WITH the 2016 Olympic Games in Rio just seven months away, we’ve picked out six Irish athletes who are well-placed to kick-off Ireland’s medal haul.
Thomas Barr – Athletics (400m hurdles)
Following in the footsteps of 2012 Olympian and older sister Jessie, the Waterford native will be hoping to shine on the international stage next summer.
Thomas, 23, most recently made the semi-finals at the European Athletics Championships in Zurich and is the current Irish senior record holder for the 400m Hurdles (48.90).
In addition, he is a four-time national champion in the 400m hurdles, and has accomplished all of this whilst studying a degree in Mechanical Engineering at the University of Limerick. On the back of a fine year, Barr was also named Irish Athlete of the Year for 2015.
Michael Conlan – Boxing
Michael Conlan’s talent is no secret and as over half of the 28 Olympic medals won by Ireland have come through boxing, it’s the sport in which we stand our best chance of a gold at Rio.
Earlier this month, Belfast bantamweight Conlan received an Outstanding Achievement Award for his World Championship Gold medal win in October.
That medal made him the first-ever Irishman to claim a World Championship gold in the 41-year history of the tournament after claiming a 3-0 unanimous decision win over Murodjon Akhmadaliev of Uzbekistan in their 56kg final.
He has already announced his plans to go professional after Rio, and all Irish eyes will be on him throughout the tournament as anything less than gold will be a disappointment for the confident 24-year-old.
Joe Ward – Boxing
The Westmeath boxer revealed it was a dream come true when he sealed his place in Rio in October.
The 21-year-old southpaw upgraded his bronze medal to silver in the 81kg semi-final at the World Elites in Doha, Qatar, and is one of Ireland’s brightest medal prospects at the Olympics.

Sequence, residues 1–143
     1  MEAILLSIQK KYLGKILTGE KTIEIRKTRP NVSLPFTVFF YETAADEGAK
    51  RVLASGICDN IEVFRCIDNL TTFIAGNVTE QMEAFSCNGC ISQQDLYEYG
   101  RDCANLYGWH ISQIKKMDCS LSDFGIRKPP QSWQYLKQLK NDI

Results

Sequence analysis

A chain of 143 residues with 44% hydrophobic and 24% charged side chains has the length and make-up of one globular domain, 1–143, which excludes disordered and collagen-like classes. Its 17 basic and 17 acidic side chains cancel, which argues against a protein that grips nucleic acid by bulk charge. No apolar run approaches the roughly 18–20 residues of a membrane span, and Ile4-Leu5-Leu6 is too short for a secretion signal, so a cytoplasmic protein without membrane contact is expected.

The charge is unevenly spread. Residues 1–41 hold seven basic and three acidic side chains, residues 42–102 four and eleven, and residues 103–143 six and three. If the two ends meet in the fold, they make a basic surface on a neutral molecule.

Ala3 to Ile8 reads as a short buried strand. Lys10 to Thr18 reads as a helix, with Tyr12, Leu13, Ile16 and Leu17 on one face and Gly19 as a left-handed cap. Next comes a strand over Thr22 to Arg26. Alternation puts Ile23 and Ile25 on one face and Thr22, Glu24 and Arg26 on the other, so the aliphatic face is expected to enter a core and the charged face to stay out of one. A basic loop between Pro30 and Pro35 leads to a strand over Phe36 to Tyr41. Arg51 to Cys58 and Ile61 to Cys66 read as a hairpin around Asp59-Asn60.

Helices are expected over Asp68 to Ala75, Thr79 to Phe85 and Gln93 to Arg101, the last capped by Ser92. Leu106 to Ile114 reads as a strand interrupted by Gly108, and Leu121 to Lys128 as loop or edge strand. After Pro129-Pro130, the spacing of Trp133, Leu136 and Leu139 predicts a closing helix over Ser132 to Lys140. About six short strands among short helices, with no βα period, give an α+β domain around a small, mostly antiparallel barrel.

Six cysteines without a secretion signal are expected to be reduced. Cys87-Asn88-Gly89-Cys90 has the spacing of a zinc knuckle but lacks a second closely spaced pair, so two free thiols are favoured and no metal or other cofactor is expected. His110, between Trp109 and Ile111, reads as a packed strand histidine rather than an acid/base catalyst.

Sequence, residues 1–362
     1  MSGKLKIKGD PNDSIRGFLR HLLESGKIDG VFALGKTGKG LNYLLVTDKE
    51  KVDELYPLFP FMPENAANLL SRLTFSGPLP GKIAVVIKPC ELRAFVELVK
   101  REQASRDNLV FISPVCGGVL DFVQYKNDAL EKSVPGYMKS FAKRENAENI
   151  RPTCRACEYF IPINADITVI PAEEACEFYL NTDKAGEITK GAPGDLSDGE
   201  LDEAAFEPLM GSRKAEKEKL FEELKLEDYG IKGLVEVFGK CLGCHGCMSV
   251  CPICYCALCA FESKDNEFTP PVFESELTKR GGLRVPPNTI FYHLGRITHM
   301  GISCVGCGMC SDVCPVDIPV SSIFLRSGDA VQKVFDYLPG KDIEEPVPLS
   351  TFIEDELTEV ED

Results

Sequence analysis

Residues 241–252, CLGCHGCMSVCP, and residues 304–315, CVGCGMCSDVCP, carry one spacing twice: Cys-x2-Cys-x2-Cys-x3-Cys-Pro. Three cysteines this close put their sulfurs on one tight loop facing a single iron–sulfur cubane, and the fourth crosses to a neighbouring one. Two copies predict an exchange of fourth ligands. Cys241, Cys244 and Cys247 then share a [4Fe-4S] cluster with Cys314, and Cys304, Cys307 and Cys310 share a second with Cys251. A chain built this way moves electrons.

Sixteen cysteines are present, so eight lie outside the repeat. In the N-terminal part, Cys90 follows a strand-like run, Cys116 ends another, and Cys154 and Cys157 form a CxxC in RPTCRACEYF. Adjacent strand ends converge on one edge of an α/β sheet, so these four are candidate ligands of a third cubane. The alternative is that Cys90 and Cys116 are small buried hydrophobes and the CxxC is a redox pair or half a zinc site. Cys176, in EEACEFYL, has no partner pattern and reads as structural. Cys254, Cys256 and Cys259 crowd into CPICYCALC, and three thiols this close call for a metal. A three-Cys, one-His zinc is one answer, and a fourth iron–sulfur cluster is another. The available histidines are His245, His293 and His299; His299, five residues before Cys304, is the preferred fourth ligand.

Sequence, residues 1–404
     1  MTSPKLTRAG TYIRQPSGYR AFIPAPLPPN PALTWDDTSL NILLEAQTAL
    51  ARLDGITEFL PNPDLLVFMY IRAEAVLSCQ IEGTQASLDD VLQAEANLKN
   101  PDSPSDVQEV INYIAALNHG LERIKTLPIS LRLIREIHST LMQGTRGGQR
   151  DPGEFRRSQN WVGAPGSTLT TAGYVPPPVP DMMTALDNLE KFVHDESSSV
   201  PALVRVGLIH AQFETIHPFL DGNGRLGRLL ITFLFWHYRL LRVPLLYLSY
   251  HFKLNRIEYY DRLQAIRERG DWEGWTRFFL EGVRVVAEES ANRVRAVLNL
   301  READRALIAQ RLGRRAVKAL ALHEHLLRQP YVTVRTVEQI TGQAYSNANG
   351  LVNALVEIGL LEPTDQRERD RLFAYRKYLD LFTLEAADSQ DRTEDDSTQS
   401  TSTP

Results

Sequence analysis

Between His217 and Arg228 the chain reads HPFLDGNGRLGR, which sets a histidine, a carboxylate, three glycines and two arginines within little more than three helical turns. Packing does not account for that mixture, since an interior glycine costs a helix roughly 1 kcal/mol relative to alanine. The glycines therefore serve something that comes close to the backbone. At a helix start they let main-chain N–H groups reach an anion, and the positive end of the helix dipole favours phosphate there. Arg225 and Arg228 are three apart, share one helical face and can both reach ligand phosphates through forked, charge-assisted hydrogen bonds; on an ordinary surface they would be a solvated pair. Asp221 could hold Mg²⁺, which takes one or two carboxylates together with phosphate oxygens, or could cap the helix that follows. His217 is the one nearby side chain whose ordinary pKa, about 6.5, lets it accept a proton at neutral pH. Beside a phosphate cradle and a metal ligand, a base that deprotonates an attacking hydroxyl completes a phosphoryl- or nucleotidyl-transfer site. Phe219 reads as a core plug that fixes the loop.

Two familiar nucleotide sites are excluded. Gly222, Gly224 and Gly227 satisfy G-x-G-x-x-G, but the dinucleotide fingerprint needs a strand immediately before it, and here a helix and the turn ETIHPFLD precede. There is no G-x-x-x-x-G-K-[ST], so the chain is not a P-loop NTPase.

Ward and his fellow Irish boxers, Michael Conlon and Paddy Barnes, will, however, be without renowned head coach Billy Walsh, who has now taken up a role with the US women’s team.
Fiona Doyle – Swimming (100m breaststroke)
Limerick swimmer Fiona Doyle fulfilled a lifelong ambition when she became one of the first Irish athletes to qualify for Rio.
The 23-year-old secured her Olympic spot next summer with an ‘A’ qualification time set in the 100m breaststroke semi-final at the World University Games in July.
She claimed a bronze medal in the final, set a personal best, which was also an Irish senior record, and will be hoping to better her success at the 2016 Games.
James Espey – Sailing
Bangor sailor, James Espey, is representing Ireland at an Olympic Games for a second time when he heads to Rio next summer.
The 31-year-old, who competed in London 2012, will sail in the Laser Class, after battling through funding cuts along his Olympic journey.
Based at Royal Ulster Yacht Club and Ballyholme Yacht Club, Espey will command the single-person boat in the event, which first featured in the 1996 Atlanta Games.
Arthur Lanigan O’Keeffe – Modern Pentathlon
The part-time University College of Dublin student heads into the Olympic Games in Rio as European Champion.
Competing in a discipline, which consists of fencing, swimming, riding, running and shooting, the 24-year-old trains up to 25 hours a week in his quest to seal a medal in Brazil.
He competed in the prestigious Champion of Champions event in Doha, Qatar, and was one of only 18 men to be invited to the event.
As one of the leading athletes in his sport, he’ll be looking to build on his performance in London 2012.